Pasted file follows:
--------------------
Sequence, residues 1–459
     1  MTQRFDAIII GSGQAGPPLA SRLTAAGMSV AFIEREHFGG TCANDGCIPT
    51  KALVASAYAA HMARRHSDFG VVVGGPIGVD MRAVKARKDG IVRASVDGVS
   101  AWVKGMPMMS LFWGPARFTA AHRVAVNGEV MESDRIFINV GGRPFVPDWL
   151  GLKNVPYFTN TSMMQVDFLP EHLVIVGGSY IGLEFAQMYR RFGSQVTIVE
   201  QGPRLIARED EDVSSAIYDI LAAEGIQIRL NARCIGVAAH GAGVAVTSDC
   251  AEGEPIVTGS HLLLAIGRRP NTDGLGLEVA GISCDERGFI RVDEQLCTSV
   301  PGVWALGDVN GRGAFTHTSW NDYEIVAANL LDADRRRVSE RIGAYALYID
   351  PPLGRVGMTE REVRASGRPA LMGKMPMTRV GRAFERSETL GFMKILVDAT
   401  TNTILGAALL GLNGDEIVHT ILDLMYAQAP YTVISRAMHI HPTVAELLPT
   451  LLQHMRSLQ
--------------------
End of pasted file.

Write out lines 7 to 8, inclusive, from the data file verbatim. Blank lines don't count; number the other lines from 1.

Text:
   251  AEGEPIVTGS HLLLAIGRRP NTDGLGLEVA GISCDERGFI RVDEQLCTSV
   301  PGVWALGDVN GRGAFTHTSW NDYEIVAANL LDADRRRVSE RIGAYALYID